>>  > warn that because one can convert from any pointer type to void * and
>>  > then to any other pointer type, it's a deliberate hole in C's
>>  > type-checking.
>>
>> Also good.  I'll talk about generic function parameters for this.
> I think the patch as is now is complete enough to be added.
> 
> So I won't rewrite it for now.
> Please review the patch as is,
> and I'll add more info to this type in the future.

Actually, I would rather prefer one patch series, rather than 
patches on patches please. It also makes review of the overall
'void *' text easier if it's all one patch. So, If you could
squash the patches together and resubmit, that would be helful.

Thanks,

Michael
Michael Kerrisk \(man-pages\) Oct. 2, 2020, 11:54 a.m. UTC | #10
Hi Alex,

On 10/1/20 6:55 PM, Alejandro Colomar wrote:
> 
> 
> On 2020-10-01 18:38, Michael Kerrisk (man-pages) wrote:
>> Hi Alex,
>>
>>> +According to the C language standard,
>>> +a pointer to any object type may be converted to a pointer to
>>> +.I void
>>> +and back.
>>> +POSIX further requires that any pointer,
>>> +including pointers to functions,
>>> +may be converted to a pointer to
>>> +.I void
>>> +and back.
>> I know you are correct about POSIX, but which part of the
>> standard did you find this information in? The only
>> reference that I find in POSIX is the dlsym() spec. Is it
>> covered also somewhere else in the standrd?
>>
>> Thanks,
>>
>> Michael
>>
> 
> Hi Michael,
> 
> I've bean searching, and dlsym is the only one:
> 
> ________
> 
> user@debian:~/Desktop/src/Standards/susv4-2018$ grep -rn "pointer to a 
> function"
> functions/regfree.html:530:&quot;undefined&quot; means that the action 
> by the application is an error, of similar severity to passing a bad 
> pointer to a function.</p>
> functions/dlsym.html:138:<p>Note that conversion from a <b>void *</b>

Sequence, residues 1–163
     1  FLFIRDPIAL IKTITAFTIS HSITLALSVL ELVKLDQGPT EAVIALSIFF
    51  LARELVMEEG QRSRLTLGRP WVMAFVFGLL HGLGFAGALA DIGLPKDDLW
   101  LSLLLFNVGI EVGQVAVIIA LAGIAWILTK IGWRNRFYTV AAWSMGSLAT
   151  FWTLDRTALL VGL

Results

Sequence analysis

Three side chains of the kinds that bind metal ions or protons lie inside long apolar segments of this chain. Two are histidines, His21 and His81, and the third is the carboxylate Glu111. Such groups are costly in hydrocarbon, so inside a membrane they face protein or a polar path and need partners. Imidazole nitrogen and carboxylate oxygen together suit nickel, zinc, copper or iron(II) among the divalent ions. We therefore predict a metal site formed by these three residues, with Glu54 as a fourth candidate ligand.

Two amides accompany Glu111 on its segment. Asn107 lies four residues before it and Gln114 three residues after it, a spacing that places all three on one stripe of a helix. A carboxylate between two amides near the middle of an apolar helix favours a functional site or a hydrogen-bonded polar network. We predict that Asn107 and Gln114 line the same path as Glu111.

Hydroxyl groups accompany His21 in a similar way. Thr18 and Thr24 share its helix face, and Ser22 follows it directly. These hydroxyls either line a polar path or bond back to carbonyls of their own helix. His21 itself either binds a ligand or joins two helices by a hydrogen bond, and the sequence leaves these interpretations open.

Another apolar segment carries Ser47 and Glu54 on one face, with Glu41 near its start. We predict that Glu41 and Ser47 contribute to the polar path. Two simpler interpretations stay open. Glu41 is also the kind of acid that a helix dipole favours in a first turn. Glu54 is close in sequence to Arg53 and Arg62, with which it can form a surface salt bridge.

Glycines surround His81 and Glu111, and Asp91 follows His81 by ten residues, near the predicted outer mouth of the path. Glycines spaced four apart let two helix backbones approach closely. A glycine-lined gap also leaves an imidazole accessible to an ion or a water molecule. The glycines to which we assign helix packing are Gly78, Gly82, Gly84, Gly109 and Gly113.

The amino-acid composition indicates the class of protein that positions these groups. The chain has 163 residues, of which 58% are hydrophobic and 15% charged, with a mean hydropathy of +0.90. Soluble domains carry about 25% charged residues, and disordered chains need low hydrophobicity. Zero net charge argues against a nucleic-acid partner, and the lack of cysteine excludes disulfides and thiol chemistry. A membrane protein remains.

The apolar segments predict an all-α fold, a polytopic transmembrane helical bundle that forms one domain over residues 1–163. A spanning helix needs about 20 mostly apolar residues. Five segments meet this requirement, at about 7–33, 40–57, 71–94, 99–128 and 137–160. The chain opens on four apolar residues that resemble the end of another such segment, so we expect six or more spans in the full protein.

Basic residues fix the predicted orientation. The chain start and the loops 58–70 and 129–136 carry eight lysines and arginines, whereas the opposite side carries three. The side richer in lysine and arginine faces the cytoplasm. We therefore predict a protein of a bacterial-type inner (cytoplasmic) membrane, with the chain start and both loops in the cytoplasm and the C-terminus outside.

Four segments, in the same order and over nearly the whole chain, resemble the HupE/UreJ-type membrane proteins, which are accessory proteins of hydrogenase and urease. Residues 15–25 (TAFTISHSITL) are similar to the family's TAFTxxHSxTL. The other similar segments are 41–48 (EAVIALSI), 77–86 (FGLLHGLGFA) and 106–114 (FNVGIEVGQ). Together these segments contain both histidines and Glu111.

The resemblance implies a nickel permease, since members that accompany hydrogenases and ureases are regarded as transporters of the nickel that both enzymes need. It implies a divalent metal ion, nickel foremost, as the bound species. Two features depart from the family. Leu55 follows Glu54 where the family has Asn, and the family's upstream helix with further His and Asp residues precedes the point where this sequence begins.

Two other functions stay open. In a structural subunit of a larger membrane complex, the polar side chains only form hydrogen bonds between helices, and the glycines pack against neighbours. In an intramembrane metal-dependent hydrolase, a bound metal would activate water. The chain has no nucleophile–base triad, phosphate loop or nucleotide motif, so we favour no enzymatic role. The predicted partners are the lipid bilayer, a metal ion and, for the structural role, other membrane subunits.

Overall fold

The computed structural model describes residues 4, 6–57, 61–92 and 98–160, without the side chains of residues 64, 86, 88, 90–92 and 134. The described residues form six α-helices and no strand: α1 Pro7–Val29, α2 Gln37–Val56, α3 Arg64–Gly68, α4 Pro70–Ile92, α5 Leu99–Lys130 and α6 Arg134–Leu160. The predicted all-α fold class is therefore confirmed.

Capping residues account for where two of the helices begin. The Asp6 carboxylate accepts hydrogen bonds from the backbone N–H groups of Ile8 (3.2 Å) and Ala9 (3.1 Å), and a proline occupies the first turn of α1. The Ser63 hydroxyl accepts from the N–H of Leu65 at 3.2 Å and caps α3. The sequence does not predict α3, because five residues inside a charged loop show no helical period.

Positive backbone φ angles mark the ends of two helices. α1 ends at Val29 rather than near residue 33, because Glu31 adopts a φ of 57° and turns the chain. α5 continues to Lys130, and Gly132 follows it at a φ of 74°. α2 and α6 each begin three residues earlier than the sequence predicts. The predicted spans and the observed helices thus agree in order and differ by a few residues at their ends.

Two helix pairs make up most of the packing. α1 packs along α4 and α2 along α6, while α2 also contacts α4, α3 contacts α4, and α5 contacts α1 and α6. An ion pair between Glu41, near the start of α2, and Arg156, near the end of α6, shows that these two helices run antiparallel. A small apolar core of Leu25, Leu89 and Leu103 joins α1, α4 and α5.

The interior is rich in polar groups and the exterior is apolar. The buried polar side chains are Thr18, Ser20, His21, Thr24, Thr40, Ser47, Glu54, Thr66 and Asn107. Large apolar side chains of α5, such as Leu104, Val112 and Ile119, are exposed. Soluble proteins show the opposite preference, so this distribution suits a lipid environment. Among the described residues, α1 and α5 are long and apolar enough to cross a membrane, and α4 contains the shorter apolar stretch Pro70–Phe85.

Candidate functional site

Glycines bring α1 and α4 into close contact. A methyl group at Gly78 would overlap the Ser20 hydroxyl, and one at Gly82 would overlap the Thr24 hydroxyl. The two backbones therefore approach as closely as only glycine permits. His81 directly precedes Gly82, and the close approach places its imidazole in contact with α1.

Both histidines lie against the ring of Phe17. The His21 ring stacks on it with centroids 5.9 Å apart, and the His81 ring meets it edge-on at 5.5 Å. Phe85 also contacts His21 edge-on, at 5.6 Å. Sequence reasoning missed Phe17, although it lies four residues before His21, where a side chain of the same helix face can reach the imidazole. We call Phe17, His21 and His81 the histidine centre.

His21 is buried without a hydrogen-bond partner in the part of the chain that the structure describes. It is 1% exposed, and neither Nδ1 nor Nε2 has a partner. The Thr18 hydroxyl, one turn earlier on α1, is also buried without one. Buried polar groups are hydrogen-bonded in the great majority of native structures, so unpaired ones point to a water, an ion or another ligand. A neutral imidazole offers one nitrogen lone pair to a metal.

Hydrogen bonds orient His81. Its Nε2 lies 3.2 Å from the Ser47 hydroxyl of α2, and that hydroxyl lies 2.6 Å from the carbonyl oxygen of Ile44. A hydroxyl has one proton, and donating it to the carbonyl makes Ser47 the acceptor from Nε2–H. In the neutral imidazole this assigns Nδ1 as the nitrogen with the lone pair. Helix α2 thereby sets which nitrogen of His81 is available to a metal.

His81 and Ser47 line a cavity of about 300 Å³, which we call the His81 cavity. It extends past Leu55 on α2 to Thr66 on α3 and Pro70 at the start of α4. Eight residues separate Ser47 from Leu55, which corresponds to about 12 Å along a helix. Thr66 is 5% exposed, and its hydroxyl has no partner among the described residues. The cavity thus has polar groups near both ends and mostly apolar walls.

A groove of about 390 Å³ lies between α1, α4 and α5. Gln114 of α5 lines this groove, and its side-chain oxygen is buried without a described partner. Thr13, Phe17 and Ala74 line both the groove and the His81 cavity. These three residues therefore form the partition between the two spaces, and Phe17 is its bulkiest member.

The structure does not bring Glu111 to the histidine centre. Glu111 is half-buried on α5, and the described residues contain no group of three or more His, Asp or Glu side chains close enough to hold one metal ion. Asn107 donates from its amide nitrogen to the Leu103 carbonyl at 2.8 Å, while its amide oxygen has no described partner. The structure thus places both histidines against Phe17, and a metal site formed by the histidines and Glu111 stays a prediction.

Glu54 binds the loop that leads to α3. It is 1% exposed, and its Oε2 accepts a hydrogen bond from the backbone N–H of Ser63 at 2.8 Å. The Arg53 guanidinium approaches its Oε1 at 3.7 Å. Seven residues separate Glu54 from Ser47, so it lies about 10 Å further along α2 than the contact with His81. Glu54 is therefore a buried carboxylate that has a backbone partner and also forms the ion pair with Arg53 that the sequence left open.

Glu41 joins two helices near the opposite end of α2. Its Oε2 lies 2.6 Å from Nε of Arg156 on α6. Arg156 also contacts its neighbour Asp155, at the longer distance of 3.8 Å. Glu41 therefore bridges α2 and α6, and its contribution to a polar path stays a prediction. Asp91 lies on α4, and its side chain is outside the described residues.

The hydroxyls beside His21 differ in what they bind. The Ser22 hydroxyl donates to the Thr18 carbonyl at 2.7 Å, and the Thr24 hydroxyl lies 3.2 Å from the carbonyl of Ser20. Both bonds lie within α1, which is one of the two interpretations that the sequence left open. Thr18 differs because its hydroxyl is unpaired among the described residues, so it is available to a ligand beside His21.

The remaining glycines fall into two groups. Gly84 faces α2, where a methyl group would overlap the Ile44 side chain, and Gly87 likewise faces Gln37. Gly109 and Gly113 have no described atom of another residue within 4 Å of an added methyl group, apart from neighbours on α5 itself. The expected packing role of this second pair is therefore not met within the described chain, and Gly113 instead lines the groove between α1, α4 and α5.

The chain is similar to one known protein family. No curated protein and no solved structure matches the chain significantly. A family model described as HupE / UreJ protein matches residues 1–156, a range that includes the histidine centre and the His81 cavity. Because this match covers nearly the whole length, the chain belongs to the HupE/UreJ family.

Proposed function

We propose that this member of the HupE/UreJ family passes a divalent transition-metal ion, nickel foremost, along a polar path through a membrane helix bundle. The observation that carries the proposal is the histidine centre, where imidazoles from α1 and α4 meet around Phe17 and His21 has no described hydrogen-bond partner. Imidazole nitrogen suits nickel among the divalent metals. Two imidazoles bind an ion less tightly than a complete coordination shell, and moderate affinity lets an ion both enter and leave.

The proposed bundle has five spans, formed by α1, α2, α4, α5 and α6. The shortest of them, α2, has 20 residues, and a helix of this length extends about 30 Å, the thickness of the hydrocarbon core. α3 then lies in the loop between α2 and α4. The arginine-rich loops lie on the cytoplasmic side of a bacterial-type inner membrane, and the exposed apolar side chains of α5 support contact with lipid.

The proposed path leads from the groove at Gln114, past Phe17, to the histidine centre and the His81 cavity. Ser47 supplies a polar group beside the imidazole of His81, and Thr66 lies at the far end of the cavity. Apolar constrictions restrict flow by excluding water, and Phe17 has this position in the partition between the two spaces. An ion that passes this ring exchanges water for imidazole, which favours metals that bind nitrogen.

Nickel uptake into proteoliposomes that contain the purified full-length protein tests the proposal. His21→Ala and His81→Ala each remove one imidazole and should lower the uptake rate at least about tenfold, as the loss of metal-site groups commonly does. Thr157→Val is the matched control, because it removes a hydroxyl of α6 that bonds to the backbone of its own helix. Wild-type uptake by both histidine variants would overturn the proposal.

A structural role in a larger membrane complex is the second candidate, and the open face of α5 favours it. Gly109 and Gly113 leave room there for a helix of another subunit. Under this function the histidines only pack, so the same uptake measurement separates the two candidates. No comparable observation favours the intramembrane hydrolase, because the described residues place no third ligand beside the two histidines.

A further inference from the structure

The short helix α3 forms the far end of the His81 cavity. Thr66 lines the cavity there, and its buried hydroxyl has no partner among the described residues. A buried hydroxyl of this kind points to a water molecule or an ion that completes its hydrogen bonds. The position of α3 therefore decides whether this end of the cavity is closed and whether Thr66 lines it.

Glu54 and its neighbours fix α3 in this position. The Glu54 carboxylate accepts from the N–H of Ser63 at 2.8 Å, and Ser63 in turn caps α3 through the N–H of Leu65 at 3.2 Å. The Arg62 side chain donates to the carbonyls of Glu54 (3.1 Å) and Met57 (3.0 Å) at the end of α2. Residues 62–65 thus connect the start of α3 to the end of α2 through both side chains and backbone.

> pointer to a function pointer as in:</p>
> functions/regcomp.html:530:&quot;undefined&quot; means that the action 
> by the application is an error, of similar severity to passing a bad 
> pointer to a function.</p>
> functions/regexec.html:530:&quot;undefined&quot; means that the action 
> by the application is an error, of similar severity to passing a bad 
> pointer to a function.</p>
> functions/V2_chap02.html:3039:<p>There are three types of action that 
> can be associated with a signal: SIG_DFL, SIG_IGN, or a pointer to a 
> function. Initially,
> functions/regerror.html:530:&quot;undefined&quot; means that the action 
> by the application is an error, of similar severity to passing a bad 
> pointer to a function.</p>
> user@debian:~/Desktop/src/Standards/susv4-2018$ grep -rn "function pointer"
> basedefs/glob.h.html:165:"../functions/glob.html"><i>glob</i>()</a> 
> prototype definition by removing the <b>restrict</b> qualifier from the 
> function pointer
> xrat/V4_xsh_chap02.html:114:when the application requires it; for 
> example, if its address is to be stored in a function pointer variable.</p>
> functions/dlsym.html:138:<p>Note that conversion from a <b>void *</b> 
> pointer to a function pointer as in:</p>
> user@debian:~/Desktop/src/Standards/susv4-2018$ grep -rn "pointer to 
> function"
> functions/dlsym.html:73:converted from type pointer to function to type 
> pointer to <b>void</b>; otherwise, <i>dlsym</i>() shall return the 
> address of the
> user@debian:~/Desktop/src/Standards/susv4-2018$
> 
>  From those, the only one that documents this is functions/dlsym.
> The rest is noise.
> 
> The most explicit paragraph in dlsym is the following:
> 
> [[
> Note that conversion from a void * pointer to a function pointer as in:
> 
> fptr = (int (*)(int))dlsym(handle, "my_function");
> 
> is not defined by the ISO C standard.
> This standard requires this conversion to work correctly
> on conforming implementations.
> ]]

Okay -- so, one more thing for a revised (squashed) patch.
I think you better say that that POSIX requirements exists 
only since POS0X.1-2008 Technical Corrigendum 1 (2013).

Thanks,

Michael
Jonathan Wakely Oct. 2, 2020, 1:06 p.m. UTC | #11
On Fri, 2 Oct 2020 at 12:31, Michael Kerrisk (man-pages)
<mtk.manpages@gmail.com> wrote:
>
> On Fri, 2 Oct 2020 at 12:49, Jonathan Wakely <jwakely.gcc@gmail.com> wrote:
> >
> > On Fri, 2 Oct 2020 at 09:28, Alejandro Colomar via Gcc <gcc@gcc.gnu.org> wrote: